Second-hand Open-holed Oboes

Looking to buy a new instrument? We have a selection of open-holed professional Howarth oboes on our second-hand list available for purchase.

Howarth S1 Oboe

Our original professional oboe model was the Howarth S1, a thumb-plate ring model oboe. It had a simple octave system, meaning its first and second octave keys were not linked. The first Howarth S1 oboe, with the serial number 1001, was purchased in 1948 by Edward Selwyn, who was the principal oboist of the BBC Symphony Orchestra at that time.

We currently have a second-hand Howarth S1 oboe available for sale. This instrument was manufactured in 1955, so is an early example of one of our first professional oboes.

To view on our second-hand oboe list, visit here:

Howarth S2 Oboe

Following the creation of the Howarth S1 oboe in 1948, three more oboe models were developed throughout the 1950s, the Howarth S2, S3, and S4. The ‘S’ stood for solid silver and continued to be used even when the use of nickel silver and silver plate became prominent in oboe manufacture.

The Howarth S2 was a more modern version of the S1, with semi-automatic octaves.

We currently have a second-hand Howarth S2 oboe available for sale. This instrument was manufactured in 1992, so it is a later example of this model. It has a left F key.

To view on our second-hand oboe list, visit here:

Howarth S3 Oboe

The Howarth S3 and S4 oboes were designed for our international market. The Howarth S3 had semi-automatic octaves like the S2, but was conservatoire system.

Today, whilst the most-played oboe system worldwide is the conservatoire system, English oboists largely favour the thumbplate system. An English thumbplate can be added to a conservatoire oboe, making the instrument dual-system.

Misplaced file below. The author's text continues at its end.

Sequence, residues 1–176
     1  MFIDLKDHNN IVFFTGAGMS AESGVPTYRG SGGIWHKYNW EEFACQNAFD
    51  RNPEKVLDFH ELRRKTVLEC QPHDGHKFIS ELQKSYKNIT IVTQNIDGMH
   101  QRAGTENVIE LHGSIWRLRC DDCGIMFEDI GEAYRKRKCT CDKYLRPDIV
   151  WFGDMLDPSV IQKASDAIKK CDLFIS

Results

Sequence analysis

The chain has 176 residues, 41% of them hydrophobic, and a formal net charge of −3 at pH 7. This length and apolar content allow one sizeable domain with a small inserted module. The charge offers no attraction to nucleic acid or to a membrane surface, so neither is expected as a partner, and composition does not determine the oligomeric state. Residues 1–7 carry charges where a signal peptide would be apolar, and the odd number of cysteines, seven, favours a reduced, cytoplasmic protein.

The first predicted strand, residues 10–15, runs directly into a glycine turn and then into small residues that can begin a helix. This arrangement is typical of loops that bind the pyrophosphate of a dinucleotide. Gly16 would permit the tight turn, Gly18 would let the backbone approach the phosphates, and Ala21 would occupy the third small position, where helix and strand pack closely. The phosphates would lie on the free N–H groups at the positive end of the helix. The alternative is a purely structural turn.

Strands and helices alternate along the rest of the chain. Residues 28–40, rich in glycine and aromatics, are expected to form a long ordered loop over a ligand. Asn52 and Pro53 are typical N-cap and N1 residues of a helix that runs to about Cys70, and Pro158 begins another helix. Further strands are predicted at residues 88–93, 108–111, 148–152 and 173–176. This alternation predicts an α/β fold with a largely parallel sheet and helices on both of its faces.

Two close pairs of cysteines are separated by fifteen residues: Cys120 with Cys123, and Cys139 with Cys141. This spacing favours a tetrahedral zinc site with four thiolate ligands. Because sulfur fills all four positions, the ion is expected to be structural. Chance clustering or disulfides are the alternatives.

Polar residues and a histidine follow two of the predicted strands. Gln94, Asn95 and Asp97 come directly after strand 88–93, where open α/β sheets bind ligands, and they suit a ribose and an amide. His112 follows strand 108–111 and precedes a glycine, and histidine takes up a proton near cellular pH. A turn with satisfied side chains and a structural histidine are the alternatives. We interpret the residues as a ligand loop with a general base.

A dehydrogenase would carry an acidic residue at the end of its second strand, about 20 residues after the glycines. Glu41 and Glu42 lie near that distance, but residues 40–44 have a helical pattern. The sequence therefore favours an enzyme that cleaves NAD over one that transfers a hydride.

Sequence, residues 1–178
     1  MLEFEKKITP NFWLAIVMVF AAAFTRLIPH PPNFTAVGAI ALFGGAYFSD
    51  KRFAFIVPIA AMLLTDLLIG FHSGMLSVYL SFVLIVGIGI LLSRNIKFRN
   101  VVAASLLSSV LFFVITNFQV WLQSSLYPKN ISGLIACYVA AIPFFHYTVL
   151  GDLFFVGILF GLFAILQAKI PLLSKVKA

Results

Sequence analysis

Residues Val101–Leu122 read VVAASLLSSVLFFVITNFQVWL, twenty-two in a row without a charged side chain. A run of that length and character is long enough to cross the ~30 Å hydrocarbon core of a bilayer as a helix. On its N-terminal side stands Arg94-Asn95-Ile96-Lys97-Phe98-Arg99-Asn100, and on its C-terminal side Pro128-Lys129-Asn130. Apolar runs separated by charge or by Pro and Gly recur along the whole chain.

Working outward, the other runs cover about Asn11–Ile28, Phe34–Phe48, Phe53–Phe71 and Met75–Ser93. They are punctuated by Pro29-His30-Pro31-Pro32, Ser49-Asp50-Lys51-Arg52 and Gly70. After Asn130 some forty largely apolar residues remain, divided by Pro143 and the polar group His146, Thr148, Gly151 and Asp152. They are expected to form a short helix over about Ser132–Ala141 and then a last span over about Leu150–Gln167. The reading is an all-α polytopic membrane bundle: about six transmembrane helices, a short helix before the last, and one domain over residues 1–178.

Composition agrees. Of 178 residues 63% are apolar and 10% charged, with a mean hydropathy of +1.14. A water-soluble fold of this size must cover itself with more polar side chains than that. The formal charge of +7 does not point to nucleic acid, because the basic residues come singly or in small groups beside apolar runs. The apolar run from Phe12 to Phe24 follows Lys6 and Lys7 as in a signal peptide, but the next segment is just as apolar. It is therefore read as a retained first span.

We currently have a second-hand Howarth S3 oboe for sale, which has had a thumbplate added. It was manufactured in 1975.

To view on our second-hand oboe list, visit here:

Who would an open-holed oboe be suitable for?

Over the past few decades, keywork that has come to be expected as standard on professional oboes has developed. Therefore, although the oboes described above have keywork specifications that would have been considered professional at their time of manufacture, they don’t have all of the features modern professional oboes usually have.

Although such keywork features, such as a third octave key, are not strictly required to reach a high standard on the oboe, they allow more fingering possibilities and make certain musical passages easier to play well.

Considering this, today an open-holed professional Howarth oboe may be suitable for use by an intermediate oboist. Playing an oboe with less keywork will benefit certain oboists due to the resulting reduced weight of the instrument, but it is also important to bear in mind that an open-holed oboe needs to be played by someone capable of properly covering the keys with their fingers.

For more information regarding any of the instruments listed above, or to purchase or book an appointment to trial one of the oboes mentioned, please contact an Oboe Specialist at or call 020 7935 2407.

Bethany Craft, Oboe Specialist – Howarth of London

This entry was posted in Double Reed News, Double Reed Product Reviews, Howarth Oboe News and tagged , , , , , . Bookmark the permalink.

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